“In The Name of Jesus.”


Now Peter and John were going up to the temple at the hour of prayer, the ninth hour. And a man lame from birth was being carried, whom they laid daily at the gate of the temple that is called the Beautiful Gate to ask alms of those entering the temple. Seeing Peter and John about to go into the temple, he asked to receive alms. And Peter directed his gaze at him, as did John, and said, “Look at us.” And he fixed his attention on them, expecting to receive something from them. But Peter said, “I have no silver and gold, but what I do have I give to you. In the name of Jesus Christ of Nazareth, rise up and walk!” (Acts 3:1-6 ESV)

The depth of Peter’s statement will be neglected if we don’t pay close attention to it. It’s possible that because this verse is in the middle of a story, the reader will not look for any significant theology in it. However, we find several interesting points being made here:

1) The lame man, who couldn’t make a living, begging outside the temple.

2) His desire: financial. No doubt he wanted to be healed, but it’s unlikely he thought this was possible. He might have heard about Jesus, but it doesn’t appear that he sought him out or knew of the Apostles.

3) He did not think in terms of the supernatural. He wasn’t expecting Peter to heal him, he thought he was just an ordinary man. Peter was ordinary, but had the aid of an extraordinary God.

4) He was expecting something from them, but it was material, not immaterial. He was expecting alms, not healing. This appears to be the case, until the next verse.

5) It appears implied in context that the man got up at Peter’s request, with faith in the promise that he would walk because of Jesus. The text simply doesn’t say if he had faith or not at this moment. What it does say is that the man complied with Peter’s command, and he was healed. Then, he demonstrated thankfulness and praised God. It’s safe to say conversion happened, the bigger miracle is salvation, not physical healing.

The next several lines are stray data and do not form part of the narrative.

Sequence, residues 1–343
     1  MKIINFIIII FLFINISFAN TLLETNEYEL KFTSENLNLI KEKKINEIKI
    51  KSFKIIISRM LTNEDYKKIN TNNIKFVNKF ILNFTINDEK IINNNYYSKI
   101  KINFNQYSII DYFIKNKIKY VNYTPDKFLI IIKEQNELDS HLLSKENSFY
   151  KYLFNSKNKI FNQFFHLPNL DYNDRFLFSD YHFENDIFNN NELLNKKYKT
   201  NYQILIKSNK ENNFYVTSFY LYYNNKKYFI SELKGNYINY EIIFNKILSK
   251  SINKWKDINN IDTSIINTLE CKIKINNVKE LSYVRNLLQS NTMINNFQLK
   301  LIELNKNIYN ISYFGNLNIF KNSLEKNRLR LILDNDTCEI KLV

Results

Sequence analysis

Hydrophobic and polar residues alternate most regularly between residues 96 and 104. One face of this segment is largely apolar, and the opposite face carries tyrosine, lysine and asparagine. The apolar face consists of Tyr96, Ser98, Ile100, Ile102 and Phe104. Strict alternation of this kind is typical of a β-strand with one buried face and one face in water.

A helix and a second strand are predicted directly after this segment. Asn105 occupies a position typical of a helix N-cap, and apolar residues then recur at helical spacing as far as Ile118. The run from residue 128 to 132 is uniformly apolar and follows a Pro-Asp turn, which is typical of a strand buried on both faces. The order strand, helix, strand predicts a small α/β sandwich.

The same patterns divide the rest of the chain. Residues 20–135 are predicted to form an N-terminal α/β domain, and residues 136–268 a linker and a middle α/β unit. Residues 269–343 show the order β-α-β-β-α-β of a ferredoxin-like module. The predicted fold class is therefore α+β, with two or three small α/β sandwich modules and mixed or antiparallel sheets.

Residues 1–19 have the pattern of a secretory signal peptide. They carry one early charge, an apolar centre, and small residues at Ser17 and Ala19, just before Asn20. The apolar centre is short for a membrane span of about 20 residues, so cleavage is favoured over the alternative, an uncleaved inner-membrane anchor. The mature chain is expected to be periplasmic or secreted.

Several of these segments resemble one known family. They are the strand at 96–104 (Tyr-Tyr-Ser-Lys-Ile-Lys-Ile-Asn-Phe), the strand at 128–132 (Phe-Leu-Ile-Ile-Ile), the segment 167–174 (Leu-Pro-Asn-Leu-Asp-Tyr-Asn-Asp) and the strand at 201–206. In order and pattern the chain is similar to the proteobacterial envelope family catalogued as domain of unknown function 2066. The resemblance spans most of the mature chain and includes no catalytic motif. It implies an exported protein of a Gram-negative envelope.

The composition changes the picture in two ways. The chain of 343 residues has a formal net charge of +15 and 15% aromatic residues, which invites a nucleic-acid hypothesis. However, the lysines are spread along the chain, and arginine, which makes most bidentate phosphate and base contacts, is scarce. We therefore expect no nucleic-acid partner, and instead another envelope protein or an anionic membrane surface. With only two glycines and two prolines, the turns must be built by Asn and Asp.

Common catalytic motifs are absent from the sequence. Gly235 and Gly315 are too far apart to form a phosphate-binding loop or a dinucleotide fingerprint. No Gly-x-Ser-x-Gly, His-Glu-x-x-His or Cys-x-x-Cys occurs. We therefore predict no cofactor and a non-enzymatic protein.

Now for the amazing part of Peter’s statement:

“I have no silver or gold.”- Peter was not able to give him anything that would help his financial condition. It’s interesting how many of us feel the same way about ministering to others. We say we are lacking finances, or time, or anything to donate. Peter didn’t stop there; he wasn’t thinking materially. He was mindful of Christ, of eternal life, and had a healthy perspective on what matters when it comes to helping others.

“But what I have I give to you.” – He wasn’t saying that healing was less than money, he also wasn’t strictly talking about healing. The Holy Spirit was going to save him! It was not like he was saying, “I don’t have any money, but I know something that might also work.” He wasn’t giving him something less than money or possibly equal in value, he was giving him something greater. Do you understand this? You may not have time or money, but if and when you do encounter people, you have the gospel!

“In the name of Jesus Christ of Nazareth”- The gospel is the point here, the name of Jesus Christ. There is no other name that saves us (Acts 4:20), no other name that we call Lord (Phil. 2:10), and no other name that secures us (see Jude). The name of Jesus, whom Peter calls here Jesus of Nazareth, is life changing. Jesus the human being, who is also God, is alive and at work in us!

Without Jesus Christ, none of what happened was possible. Do you realize the power of the God you have faith in? Do you know that the same Holy Spirit who lived in Peter lives in you also? Can you see why you need to share the gospel with others? This passage is not just about a physical healing, it’s about receiving the greatest healing: salvation in Jesus Christ.

And he took him by the right hand and raised him up, and immediately his feet and ankles were made strong. And leaping up he stood and began to walk, and entered the temple with them, walking and leaping and praising God. and recognized him as the one who sat at the Beautiful Gate of the temple, asking for alms. And they were filled with wonder and amazement at what had happened to him. (Acts 3:7, 8, 10 ESV)

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